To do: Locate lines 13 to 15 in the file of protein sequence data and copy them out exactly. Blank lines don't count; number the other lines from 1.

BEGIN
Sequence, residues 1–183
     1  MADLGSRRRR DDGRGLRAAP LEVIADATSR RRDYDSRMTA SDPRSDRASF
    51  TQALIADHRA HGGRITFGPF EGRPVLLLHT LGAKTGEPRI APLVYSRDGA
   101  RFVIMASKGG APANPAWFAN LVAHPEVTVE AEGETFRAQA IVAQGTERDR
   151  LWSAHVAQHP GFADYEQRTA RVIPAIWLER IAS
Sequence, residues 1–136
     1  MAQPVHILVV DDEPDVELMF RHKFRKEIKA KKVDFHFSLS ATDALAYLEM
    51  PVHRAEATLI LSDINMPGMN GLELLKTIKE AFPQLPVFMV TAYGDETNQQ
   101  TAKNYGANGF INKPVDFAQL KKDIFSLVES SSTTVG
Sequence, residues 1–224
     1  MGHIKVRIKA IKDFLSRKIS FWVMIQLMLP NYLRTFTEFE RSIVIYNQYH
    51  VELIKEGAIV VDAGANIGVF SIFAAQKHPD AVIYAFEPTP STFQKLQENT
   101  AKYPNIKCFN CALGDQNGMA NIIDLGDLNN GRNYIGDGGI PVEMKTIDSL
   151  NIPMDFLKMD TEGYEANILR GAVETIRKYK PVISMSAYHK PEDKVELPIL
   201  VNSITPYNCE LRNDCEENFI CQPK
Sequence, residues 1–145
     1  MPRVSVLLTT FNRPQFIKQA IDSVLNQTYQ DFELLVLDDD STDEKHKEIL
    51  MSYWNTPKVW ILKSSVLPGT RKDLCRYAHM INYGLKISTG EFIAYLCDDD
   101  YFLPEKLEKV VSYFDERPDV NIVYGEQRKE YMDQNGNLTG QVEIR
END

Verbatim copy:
   101  AKYPNIKCFN CALGDQNGMA NIIDLGDLNN GRNYIGDGGI PVEMKTIDSL
   151  NIPMDFLKMD TEGYEANILR GAVETIRKYK PVISMSAYHK PEDKVELPIL
   201  VNSITPYNCE LRNDCEENFI CQPK